Xu Qing is painting the cover of a fan.
Xu Qing (续清), who was born in 1954, is recognized as one of the most accomplished traditional art masters in Beijing. Currently, she is a member of China Arts and Crafts Society and Beijing Arts and Crafts Society. Xu is especially famous for her hand-painted silk work, which has been designated as “intangible cultural heritage of China”. Sino-us.com spoke to Madam Xu at her studio in Beijing Bai-gong-fang (京城百工坊).
Learn from the best
The 61-year-old master hails from an artistic family and started to learn traditional Chinese realistic painting from an early age. Her first teacher was her father, who was one of the disciples of the most successful Chinese painter Zhang Daqian and Tian Shiguang.
“There are some moments in your life which transform your future,” Xu said. “Both my father and I used to think I would not become an artist, since I was not the most talented kid when I was young. Ironically, my turning point came during the Cultural Revolution. Back then, the Gang of Four labeled intellectuals as the ‘stinking number nine’ and tortured them for 10 years. As a result, the Chinese literary and art industry was almost crushed. As a professional painter, my father’s career came to a standstill. During those hard times, the only meaningful task left for him was to teach me how to draw. His diligence, earnestness, carefulness and brilliance influenced me deeply and then I made up my mind to become a painter just like him.”
“I believe the only common denominator of success is hard work. I might not be the most gifted but was the most passionate student,’ Xu said. Guided by her father, after 10 years of practice, Xu finally made great progress in Chinese realistic painting.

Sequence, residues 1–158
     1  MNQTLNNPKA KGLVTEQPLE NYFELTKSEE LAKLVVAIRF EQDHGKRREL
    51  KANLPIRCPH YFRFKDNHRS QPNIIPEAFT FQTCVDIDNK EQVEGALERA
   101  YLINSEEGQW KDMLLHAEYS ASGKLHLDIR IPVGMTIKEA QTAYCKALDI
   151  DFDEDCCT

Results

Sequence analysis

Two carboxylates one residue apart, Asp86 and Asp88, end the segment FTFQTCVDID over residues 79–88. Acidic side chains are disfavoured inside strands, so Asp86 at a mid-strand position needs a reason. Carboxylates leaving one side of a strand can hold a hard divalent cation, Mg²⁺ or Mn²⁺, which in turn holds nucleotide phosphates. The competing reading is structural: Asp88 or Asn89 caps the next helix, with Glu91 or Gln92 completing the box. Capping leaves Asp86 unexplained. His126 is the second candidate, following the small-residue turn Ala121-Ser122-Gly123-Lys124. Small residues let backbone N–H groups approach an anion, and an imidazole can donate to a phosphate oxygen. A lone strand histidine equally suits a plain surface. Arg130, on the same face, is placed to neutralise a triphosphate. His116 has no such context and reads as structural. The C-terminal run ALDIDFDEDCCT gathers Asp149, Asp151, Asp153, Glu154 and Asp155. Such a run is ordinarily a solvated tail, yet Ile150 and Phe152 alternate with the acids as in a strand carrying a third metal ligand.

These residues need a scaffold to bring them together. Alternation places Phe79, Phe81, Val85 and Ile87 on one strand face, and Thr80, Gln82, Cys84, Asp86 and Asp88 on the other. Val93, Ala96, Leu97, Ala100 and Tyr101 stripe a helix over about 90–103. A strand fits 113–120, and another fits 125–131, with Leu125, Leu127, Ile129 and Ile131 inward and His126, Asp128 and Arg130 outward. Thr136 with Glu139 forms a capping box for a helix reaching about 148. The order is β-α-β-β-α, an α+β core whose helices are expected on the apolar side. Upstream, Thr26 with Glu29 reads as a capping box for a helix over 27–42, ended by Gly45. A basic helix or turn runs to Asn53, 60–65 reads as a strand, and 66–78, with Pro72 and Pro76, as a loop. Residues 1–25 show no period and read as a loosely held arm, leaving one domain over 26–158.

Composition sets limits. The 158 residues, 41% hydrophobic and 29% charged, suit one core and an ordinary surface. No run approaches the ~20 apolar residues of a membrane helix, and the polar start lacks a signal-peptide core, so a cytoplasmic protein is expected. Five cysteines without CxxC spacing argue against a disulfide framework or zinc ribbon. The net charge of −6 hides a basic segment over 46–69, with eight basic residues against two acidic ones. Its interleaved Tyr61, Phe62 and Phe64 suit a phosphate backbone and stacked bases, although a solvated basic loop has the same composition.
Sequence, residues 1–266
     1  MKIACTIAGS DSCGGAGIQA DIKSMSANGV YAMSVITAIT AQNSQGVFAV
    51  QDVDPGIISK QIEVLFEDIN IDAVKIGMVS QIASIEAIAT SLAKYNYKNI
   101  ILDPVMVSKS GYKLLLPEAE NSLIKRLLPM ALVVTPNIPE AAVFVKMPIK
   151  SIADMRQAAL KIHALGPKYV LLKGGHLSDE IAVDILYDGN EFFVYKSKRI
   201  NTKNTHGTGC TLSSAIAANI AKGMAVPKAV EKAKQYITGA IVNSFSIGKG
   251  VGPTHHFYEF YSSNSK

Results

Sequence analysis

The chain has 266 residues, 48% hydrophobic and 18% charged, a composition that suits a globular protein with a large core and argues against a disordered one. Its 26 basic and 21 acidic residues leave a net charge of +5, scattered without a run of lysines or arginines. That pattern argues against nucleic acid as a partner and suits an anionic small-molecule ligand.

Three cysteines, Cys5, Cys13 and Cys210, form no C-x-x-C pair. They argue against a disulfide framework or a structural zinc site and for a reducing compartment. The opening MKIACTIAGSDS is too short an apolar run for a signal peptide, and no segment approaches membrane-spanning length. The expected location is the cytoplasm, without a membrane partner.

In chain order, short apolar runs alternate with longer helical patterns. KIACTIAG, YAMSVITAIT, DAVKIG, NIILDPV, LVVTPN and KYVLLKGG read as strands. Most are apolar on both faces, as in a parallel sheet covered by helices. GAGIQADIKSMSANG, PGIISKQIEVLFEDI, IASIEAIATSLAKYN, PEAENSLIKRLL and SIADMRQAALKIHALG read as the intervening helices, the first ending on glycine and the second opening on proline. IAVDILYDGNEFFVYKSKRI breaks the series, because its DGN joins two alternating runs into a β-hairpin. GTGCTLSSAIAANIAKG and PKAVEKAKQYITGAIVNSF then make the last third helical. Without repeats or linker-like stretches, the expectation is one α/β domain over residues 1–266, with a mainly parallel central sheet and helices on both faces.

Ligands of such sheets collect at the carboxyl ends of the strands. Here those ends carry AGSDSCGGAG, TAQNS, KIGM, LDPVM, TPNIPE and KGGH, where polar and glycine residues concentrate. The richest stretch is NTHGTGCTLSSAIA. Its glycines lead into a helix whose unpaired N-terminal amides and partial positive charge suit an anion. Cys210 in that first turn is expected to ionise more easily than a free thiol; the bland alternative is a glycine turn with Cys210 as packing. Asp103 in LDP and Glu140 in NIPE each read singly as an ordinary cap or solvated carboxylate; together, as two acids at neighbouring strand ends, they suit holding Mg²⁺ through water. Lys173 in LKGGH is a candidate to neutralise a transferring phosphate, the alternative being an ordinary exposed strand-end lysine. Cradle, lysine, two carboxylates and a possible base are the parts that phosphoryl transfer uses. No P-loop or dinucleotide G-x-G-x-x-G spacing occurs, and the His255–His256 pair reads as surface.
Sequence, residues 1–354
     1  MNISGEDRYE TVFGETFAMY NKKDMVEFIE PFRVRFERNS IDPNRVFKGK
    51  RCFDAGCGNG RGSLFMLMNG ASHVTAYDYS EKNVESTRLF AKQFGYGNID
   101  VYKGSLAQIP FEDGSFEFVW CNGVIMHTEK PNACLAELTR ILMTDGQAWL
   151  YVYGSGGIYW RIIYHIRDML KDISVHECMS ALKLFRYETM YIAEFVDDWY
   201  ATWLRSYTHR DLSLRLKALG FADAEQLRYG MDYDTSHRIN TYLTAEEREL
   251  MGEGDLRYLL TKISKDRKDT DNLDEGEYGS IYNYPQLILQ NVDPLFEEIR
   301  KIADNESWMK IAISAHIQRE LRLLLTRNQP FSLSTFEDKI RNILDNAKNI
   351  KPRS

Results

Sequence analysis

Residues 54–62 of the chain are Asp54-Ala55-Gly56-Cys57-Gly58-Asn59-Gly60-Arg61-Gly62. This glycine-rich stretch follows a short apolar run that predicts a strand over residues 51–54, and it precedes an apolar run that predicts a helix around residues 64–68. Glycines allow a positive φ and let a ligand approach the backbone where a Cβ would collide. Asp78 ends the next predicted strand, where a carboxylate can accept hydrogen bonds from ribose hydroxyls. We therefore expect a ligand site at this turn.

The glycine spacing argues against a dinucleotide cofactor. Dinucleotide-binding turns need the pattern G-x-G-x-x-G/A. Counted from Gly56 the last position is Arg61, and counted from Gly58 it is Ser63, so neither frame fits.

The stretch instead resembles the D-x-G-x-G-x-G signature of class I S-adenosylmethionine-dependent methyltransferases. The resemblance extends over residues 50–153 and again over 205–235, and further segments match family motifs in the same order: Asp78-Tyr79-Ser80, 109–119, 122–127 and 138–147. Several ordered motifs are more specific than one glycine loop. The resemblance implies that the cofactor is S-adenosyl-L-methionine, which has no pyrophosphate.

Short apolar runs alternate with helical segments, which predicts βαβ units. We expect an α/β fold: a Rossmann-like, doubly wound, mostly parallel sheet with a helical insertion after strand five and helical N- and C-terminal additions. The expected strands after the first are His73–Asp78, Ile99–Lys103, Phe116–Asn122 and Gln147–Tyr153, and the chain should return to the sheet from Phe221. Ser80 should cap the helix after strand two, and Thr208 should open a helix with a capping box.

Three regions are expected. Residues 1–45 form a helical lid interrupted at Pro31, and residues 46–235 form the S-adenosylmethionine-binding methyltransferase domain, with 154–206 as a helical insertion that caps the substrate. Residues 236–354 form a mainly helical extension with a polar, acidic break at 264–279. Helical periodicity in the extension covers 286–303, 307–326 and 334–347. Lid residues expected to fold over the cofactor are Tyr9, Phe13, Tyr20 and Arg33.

Creativity based on knowledge
After the reform and opening up of China in the 1970s, as the economy recovered, literature and art industry greeted a favorable turn in the 1980s. Many writers and artists with creative power emerged during this period. Xu is among the most successful of them.
The master soon realized that the only way to promote traditional art like Chinese realistic painting at that stage was through innovation. “Creation should not be highfalutin art-about-art. Creative expressions must be based on solid foundation of profound knowledge, she said. With her father’s inspiration, Xu started to draw on Chinese silk and crafts, which significantly increased the portability and flexibility of traditional Chinese ink and wash.
Different textures of material have different features, which made the process more difficult. After countless attempts, Xu and her father finally developed their own method to stabilize the color on the fabric. Their works were well received by the market, and especially endeared by the westerners. Xu’s art was highly acclaimed as“brush embroidery” because her works better revealed the exquisite characteristics of Chinese realistic painting.
One of Xu Qing's paintings
Promoting Chinese traditional art
Xu achieved big success and gained instant fame in the industry with media spotlight, including interviews by CCTV. Pictorial coverage of Xu’s work was carried by the Xinhua News Agency, China News Agency and Beijing International Press Center of BOCOG. Celebrities including Jacques Rogge, president of the International Olympic Committee, Serbia's first lady, and the mayor of Greenwich were all amazed by her hand-painted silk work. Museums from all over the world have held exhibitions of her work.
Despite the great success, Xu has a surprisingly simple life. Her pieces are quite valuable on the market, yet she and her family lead a plain life. “Traditional Chinese realistic painting requires fine brushwork and close attention to detail, thus I usually spend months on one piece,” Xu said. “A good reputation is much more important to me compared to money and fame, so I take every piece of work seriously.”
Xu’s success proves an old saying: genius is one percent inspiration and ninety-nine percent perspiration. Her achievements also underline the importance of the traditional arts.